I wouldn’t normally put a book about a specific programming language in this list, but this is the exception. The C programming language has a special role in the history of software development. Arguably, C is the most popular programming language of all time; and though most programmers don’t use C anymore, C still permeates our universe. Every relevant operating system used today is written in C, and the foundations of almost every platform/framework in widespread use are written in C. Pretty much everything running on your computer and the server your computer is talking to is executing C code at some level2. You’re only half a programmer if you don’t know C, because you can only play with the top half the world’s software stacks. C is today’s assembler; knowing C helps you understand how things work. The historical and current significance of C, and the fact that The C Programming Language is co-authored by C creator Dennis Ritchie, make this the definitive C guide, and a de facto classic. But The C Programming Language deserves “classic” status for another reason. It is so concisely and elegantly written, innumerable subsequent programming language books have tried to mimic and emulate its style3. Grokking this book will teach you not just C, but also how to be a better writer, and by corollary a better programmer.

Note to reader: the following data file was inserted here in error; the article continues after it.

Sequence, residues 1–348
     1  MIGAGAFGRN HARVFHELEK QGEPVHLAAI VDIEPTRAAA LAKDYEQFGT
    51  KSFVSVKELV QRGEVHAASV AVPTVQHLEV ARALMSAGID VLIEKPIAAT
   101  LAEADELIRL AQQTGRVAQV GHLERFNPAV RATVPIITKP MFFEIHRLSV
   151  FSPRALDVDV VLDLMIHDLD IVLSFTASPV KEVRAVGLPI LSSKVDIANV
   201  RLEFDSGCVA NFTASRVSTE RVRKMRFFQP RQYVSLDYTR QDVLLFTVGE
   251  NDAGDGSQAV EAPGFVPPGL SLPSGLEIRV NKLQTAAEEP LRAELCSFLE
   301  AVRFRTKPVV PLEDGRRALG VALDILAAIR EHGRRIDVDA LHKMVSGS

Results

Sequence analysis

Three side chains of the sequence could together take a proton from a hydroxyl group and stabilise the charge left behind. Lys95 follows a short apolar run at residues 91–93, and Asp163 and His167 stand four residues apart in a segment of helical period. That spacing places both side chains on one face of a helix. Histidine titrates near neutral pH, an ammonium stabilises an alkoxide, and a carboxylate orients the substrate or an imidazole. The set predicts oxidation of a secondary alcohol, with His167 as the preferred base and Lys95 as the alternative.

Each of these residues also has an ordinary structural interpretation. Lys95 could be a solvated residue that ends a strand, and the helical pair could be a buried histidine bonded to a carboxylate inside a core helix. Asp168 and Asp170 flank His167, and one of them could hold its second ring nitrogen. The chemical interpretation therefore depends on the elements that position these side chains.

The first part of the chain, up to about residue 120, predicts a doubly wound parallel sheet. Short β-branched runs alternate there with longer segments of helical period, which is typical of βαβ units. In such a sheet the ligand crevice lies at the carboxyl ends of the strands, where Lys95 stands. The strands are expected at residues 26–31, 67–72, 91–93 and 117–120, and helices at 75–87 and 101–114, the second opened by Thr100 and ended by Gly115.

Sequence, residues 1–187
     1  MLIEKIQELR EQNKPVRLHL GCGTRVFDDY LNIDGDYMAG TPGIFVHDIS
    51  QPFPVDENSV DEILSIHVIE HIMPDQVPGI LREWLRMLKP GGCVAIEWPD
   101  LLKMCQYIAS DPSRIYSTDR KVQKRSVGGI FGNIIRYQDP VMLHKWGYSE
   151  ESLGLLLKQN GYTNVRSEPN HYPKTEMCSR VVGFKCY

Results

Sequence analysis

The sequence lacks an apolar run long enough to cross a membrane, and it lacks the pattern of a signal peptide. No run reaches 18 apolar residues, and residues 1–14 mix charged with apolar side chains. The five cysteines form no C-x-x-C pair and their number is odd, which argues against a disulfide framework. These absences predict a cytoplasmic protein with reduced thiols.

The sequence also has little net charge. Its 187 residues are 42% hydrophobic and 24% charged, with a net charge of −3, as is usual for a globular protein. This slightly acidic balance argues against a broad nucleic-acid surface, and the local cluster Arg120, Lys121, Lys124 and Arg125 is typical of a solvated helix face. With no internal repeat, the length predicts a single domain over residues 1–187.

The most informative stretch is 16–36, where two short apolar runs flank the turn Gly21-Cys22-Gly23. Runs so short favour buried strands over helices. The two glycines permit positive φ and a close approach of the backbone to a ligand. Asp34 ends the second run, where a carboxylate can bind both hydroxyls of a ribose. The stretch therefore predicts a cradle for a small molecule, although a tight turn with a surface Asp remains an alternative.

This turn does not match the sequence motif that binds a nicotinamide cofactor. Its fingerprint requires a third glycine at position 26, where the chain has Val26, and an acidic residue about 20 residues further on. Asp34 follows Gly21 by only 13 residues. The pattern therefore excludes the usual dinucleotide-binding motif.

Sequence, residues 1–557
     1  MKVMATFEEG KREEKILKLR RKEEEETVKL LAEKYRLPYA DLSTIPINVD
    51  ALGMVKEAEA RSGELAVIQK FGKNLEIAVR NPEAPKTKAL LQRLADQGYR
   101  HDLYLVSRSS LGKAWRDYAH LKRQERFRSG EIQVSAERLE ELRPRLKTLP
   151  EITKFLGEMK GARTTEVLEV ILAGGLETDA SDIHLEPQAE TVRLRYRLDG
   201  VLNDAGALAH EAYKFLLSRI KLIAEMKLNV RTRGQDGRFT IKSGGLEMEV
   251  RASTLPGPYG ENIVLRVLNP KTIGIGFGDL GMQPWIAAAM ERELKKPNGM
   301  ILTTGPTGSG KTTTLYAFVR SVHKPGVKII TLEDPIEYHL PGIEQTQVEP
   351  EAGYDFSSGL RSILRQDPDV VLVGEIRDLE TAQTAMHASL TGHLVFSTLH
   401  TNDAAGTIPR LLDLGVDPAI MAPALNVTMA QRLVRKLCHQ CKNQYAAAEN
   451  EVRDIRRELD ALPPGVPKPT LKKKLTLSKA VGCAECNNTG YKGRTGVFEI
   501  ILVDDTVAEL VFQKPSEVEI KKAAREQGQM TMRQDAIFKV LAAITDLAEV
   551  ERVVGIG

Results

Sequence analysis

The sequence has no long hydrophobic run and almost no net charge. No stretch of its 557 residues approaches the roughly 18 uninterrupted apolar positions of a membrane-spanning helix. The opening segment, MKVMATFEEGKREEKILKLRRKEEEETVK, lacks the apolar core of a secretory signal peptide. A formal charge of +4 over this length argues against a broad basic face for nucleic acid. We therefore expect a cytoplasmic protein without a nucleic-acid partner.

2. The Mythical Man-Month: Essays on Software Engineering, Anniversary Edition, by Frederick P. Brooks, Jr.

    This book was written before software methodologies became fashionable and were spelled with capitalization. And, unlike most recent books on methodology that rationalize their rituals with (mostly) hand-waving, fabricated jargon, and marketing-like language (yes, I mean those “agile” ones4), The Mythical Man-Month doesn’t try to baptize its readers into some cult. Regardless of what methodology you may practice, the MMM is an essential read to gain some perspective and diversity in your thinking about how software can be successfully written5.